Khan has promised to double the tax revenue by reforming the FBR and appealing to the conscience of the people to pay taxes. That sounds great. But it requires much more to instil the tax culture in society. There is a lot of symbolism involved in Khan’s austerity drive. His decision not to live in Prime Minister House and cut down on protocol certainly has great symbolic value, but the administration needs to do much more in order to decrease public expenditure.
Given the enormous challenges of governance, the new government needs a more prudent approach on the political front. But there seems to be no let-up in the party’s confrontational politics. The decision to put the former prime minister and his daughter on the Exit Control List does not make any sense as they are already in prison. The move smacks of vendetta and it only serves to divert attention from the government’s reform agenda.
Also on the issue of accountability, the PTI government has taken populist rhetoric too far. Indeed, there is a need for across-the-board accountability but the government’s actions reinforce allegations of a witch hunt. The pledge of bringing back looted money is nothing more than rhetoric. It would be much better for the PTI administration to let the law take its course rather than have its leaders trumpeting the mantra day and night.
Although Khan has vowed to implement the National Action Plan, there seems little clarity on how the administration plans to deal with the menace of religious extremism that threatens to tear apart our social fabric. There was not even a mention of the problem of violent extremism in the prime minister’s address to the nation.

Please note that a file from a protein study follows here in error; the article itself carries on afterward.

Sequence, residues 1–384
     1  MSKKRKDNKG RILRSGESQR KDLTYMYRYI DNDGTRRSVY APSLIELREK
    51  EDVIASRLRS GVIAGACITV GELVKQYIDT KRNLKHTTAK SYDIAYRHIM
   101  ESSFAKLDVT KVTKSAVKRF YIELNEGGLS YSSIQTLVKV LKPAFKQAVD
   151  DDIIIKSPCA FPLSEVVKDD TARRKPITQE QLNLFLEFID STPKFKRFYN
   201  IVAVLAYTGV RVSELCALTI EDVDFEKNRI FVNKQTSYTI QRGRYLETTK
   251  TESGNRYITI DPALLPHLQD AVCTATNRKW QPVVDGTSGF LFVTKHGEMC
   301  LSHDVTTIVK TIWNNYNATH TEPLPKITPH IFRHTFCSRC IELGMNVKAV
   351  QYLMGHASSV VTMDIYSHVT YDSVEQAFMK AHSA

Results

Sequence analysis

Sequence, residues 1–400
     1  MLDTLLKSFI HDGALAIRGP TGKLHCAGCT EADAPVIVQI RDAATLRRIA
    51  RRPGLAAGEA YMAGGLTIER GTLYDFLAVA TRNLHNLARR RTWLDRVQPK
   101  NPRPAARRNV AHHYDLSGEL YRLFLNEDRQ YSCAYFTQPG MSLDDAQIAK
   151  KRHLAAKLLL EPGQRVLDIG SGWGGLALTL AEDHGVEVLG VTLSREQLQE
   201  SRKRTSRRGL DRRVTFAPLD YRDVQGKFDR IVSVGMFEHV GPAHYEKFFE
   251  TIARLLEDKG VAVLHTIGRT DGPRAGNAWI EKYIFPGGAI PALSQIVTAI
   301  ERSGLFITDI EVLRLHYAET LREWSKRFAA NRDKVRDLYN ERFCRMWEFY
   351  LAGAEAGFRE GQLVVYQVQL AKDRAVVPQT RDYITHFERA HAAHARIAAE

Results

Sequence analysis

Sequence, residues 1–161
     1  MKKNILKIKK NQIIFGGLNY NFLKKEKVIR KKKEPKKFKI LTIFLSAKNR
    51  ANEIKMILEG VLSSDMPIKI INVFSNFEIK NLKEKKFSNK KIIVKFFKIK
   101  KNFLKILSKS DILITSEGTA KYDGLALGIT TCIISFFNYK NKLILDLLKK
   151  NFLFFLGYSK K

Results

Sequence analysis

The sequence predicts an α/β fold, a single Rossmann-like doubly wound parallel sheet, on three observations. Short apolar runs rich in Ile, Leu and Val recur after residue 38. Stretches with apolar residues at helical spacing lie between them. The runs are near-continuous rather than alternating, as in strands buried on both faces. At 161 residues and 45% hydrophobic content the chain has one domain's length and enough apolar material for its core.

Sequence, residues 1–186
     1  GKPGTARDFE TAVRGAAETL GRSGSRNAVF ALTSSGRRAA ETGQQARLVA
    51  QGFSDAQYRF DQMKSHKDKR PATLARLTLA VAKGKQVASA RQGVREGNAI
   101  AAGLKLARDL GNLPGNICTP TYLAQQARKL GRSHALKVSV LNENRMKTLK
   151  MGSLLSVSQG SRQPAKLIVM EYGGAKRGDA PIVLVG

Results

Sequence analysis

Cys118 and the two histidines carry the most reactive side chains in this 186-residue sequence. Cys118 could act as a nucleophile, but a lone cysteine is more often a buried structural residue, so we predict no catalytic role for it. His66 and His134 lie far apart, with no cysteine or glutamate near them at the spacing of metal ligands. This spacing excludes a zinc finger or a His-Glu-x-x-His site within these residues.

In order to accomplish the ambitious target, the prime minister needs a good team. Surely the 22-member cabinet has many capable and experienced people, but there is no new blood to bring in dynamism and fresh thinking in the administration. One can understand the compromises one has to make in a coalition setup, yet some space could have been created to bring in new faces.
Most shocking has been the choice of chief minister of Punjab. The logic offered by Khan on the odd appointment that Sardar Usman Buzdar comes from the most backward region is astonishing. The selection of a man who had never held any public office before and has a dubious personal record to head the government in the country’s biggest province is more alarming as the provinces are responsible for carrying out the reform agenda announced by the prime minister.
Notwithstanding Imran Khan’s commitment of building a ‘naya Pakistan’, there is now a need for the new incumbent to focus more seriously on governance rather than pandering to populism. Governance is serious business and must be taken as such.
Published in Dawn, August 22nd, 2018